But there are some drawbacks to that. Because it is a simplified code, you can’t use all of the same functionality, and quite often, the design can’t look exactly the same as your desktop website. But it does get you great results in terms of speed and the user experience. And that does flow on to your SEO results as well. Because Google want to show those kind of websites, they will rank those kind of websites higher in searches that are done from mobile devices.
What caching is and does
James: And it probably is worth mentioning what cache actually means. It’s not somewhere where you drop your kids off to school for the day, right?
Justin: Yeah, yeah. So essentially, what that is, is that it’s data centers. So there’ll be warehouses of big computers that are storing copies of people’s websites, and they are hooked up to deliver these copies of your website super quickly to the people in that city. So you might have your website hosted in Sydney, but there will be a cached version, a copy of that website’s pages, that’s in, say, London. And so if someone’s doing a search in London, they’ll get access to that cached version. And so that loads really fast. And it’s something that we encounter a lot.
There’s a few different layers of cache. You can have them on the server; they’re also on your browser itself. When you look at a website, most of the files that you look at on that web page gets saved onto your computer. So the next time you go to that web page, you’re actually loading most of the website’s files from your computer itself. So it just speeds up how that works. It causes a lot of issues in my industry, because when we make changes to your website, sometimes it doesn’t reflect on your computer or on the cached copy that’s in your nearest city. So there’s confusion caused, and you need to clear caches before everyone can see how it really is.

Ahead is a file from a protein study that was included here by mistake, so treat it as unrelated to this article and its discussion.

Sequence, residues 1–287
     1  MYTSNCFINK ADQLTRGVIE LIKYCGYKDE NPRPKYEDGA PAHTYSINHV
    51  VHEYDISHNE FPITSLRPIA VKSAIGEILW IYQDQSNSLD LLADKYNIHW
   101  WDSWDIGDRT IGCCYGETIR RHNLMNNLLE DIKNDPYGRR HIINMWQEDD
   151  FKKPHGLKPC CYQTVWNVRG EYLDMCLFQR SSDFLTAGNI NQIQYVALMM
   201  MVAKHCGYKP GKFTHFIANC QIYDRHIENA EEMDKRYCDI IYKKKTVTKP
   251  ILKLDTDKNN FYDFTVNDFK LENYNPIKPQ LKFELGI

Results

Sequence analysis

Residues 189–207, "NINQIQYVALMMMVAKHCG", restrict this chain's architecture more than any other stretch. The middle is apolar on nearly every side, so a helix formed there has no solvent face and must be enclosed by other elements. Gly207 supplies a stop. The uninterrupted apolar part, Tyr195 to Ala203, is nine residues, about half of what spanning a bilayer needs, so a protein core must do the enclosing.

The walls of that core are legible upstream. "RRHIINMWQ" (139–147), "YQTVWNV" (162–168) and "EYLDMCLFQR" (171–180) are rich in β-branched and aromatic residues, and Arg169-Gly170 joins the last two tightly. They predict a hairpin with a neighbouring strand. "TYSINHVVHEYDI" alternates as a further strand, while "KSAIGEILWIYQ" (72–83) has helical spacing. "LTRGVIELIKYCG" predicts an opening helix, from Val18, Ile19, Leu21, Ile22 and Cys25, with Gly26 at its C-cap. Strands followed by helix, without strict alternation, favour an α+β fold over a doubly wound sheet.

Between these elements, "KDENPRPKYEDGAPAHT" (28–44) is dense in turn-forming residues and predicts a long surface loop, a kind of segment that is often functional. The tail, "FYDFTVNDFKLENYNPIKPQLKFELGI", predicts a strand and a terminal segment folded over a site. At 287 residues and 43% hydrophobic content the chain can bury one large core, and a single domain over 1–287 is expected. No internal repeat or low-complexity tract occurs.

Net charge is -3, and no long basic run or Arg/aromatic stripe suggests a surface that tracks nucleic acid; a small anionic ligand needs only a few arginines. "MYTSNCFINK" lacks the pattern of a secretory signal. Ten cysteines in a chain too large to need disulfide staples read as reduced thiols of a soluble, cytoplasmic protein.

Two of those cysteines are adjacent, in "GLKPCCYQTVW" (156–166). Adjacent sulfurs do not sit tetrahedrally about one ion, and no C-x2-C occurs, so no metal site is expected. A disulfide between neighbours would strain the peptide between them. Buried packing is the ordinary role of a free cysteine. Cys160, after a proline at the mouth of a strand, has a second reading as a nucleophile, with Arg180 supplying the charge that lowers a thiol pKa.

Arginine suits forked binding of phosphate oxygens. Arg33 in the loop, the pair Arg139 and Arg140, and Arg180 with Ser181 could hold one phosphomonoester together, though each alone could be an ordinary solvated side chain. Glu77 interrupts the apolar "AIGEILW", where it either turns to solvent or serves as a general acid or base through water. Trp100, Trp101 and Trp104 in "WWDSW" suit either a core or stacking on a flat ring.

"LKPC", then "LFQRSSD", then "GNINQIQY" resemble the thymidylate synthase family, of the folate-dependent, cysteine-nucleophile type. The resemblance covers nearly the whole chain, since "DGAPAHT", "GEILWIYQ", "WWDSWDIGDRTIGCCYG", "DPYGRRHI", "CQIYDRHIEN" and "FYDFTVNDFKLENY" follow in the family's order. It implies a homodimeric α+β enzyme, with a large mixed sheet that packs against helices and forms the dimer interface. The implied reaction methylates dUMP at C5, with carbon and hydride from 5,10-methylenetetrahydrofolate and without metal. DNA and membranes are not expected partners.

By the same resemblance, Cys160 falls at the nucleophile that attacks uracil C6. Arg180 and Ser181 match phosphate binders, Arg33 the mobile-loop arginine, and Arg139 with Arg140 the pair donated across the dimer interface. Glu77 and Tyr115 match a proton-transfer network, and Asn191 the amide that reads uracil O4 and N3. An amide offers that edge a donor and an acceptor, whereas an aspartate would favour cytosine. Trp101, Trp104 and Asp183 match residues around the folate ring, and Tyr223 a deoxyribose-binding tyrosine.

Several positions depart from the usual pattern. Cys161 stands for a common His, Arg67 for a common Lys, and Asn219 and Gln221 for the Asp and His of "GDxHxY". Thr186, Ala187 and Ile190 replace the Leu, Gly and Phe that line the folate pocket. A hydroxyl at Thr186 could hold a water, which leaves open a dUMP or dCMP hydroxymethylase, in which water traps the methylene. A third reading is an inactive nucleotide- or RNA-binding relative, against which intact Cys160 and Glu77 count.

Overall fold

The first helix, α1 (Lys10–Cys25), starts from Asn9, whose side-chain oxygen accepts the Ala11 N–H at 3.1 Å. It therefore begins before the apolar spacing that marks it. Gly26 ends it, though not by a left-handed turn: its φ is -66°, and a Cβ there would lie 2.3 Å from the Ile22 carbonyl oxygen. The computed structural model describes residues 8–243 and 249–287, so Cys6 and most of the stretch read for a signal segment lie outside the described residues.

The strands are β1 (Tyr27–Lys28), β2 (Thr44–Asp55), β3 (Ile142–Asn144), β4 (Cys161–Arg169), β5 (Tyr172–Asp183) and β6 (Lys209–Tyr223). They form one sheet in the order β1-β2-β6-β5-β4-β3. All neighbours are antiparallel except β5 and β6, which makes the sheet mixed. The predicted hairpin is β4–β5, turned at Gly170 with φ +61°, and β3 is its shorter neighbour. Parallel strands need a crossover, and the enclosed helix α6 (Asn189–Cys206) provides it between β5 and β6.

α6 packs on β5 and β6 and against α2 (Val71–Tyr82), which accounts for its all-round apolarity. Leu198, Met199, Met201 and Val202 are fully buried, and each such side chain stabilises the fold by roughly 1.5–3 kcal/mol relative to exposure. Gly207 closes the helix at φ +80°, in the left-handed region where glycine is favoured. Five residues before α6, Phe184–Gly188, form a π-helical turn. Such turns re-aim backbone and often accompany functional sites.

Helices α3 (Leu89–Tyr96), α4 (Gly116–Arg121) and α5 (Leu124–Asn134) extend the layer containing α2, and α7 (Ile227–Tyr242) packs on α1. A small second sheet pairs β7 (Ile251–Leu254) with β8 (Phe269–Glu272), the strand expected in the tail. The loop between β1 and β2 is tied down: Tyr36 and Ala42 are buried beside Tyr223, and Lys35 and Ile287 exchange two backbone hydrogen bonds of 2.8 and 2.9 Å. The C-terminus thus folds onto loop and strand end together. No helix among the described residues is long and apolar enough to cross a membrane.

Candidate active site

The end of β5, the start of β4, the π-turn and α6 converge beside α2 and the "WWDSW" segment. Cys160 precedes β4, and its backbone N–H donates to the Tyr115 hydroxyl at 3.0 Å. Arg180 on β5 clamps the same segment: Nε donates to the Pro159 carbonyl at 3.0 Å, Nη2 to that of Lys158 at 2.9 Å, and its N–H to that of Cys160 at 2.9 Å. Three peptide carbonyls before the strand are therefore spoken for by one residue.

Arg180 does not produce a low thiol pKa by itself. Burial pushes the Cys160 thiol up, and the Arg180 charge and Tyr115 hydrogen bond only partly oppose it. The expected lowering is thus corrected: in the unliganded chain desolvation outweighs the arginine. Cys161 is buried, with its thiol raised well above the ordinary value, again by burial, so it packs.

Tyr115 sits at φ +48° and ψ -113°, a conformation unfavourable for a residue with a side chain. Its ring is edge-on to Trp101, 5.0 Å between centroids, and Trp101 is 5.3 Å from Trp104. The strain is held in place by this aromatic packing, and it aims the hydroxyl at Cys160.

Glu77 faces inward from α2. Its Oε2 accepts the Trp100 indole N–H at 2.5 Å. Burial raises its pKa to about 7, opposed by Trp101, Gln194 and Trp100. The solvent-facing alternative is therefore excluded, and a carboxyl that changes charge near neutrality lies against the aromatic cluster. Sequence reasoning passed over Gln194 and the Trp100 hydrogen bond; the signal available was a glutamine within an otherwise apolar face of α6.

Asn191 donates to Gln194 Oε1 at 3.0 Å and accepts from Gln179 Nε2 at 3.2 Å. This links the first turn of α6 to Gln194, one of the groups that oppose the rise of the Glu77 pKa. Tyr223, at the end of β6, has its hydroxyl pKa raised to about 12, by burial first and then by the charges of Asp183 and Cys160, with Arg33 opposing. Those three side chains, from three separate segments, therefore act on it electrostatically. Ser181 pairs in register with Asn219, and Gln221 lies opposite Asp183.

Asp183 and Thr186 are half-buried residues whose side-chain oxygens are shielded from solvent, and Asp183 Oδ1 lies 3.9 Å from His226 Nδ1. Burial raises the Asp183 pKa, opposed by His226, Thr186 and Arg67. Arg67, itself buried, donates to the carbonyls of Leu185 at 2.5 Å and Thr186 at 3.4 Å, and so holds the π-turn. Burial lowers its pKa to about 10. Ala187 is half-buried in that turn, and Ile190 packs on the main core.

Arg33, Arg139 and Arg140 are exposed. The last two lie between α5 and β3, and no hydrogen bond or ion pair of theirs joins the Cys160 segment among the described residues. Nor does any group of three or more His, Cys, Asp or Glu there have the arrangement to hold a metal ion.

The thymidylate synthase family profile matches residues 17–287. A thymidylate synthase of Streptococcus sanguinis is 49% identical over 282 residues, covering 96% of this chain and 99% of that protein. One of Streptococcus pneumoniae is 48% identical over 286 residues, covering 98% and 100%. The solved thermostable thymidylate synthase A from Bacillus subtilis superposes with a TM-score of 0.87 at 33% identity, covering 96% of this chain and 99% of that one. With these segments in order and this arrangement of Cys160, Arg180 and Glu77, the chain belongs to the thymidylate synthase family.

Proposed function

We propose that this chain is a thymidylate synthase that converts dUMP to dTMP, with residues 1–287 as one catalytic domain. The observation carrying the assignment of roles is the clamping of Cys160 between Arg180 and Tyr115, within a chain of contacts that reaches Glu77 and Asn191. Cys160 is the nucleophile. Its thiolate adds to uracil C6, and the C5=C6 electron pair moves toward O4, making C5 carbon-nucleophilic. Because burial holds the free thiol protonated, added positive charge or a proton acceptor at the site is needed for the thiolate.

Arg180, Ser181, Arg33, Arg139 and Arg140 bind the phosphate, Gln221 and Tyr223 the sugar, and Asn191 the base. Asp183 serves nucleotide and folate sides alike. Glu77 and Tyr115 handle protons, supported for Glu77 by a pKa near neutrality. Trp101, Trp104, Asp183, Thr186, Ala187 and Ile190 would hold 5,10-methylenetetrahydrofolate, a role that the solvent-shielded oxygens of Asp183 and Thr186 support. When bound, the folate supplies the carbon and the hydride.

James: Yes, we have that conversation sometimes with my own developer, where they’ve made a change, and I can’t see it unless I flush the cache on my browser, and then I can see it. And of course, some customers will see a mash up. It’s kind of like, half the old stuff and bits of the new one. And they say, oh, there’s an error, and they report it. The thing I love about my clients is they’re very quick to point out things on my site that need fixing. I’m thankful for that. It’s kind of like I’ve outsourced my usability team – they’ll let me know anytime something’s not quite right, they’re missing a letter on a word, or if it doesn’t load in a particular browser. There was one guy using a browser called Ubuntu, or not even sure how you pronounce it. But I looked up in the analytics, and he was the only one. And like, basically, unless you’re using Chrome, or Safari, there was a long distance to them. You know, Firefox or even Explorer. But Ubuntu or something like that, some other one I’d never heard of. So I guess it’s a matter of waiting. Usability for different types of users.
The challenges of design translation
When you are developing, do you preference a particular device or size first and then cascade through in a particular order?
Justin: No, we generally do the desktop designs, but we’re always considering how that’s going to work on mobile when we’re doing that. So we keep our desktop designs very simple so it’s easy to translate them into a mobile screen size. And it’s certainly something that we do make sure when we’re building a site, that it’s going to look good on a range of different screen sizes. And sometimes we do some work with other agencies that bring their designs to us, or our clients sometimes bring designs to us. And the biggest problem that we come across with those designs is quite often, some designers haven’t considered how these elements of the website are going to look when you rearrange them on a smaller screen size. And even just going from desktop to laptop can sometimes cause some issues, if the design is not really thought through in that way. And then obviously, going from tablet to mobile, you run into issues there as well.
“You want to have a good relationship with the developer.”
James: There are other things too, I found, translating designs through to the website development. It’s much like a building, right, where the designer’s a bit like the architect translating your vision, and then you take it to a builder to get a quote. And then the builder always wants to quote like, five times more than the budget you told the designer. Some designers like to use a lot of different post-to-page templates, that’s one way to really get the price of a development up, is to make it very complex. So I would definitely just want to throw my hat in the ring there and say, you know, ask the designer to keep the page and post types fairly simple so they’re easy to actually build. Because, as you know, there’s often updates and changes and plugin conflicts and things don’t stay the same, which is why you want to have a good relationship with the developer.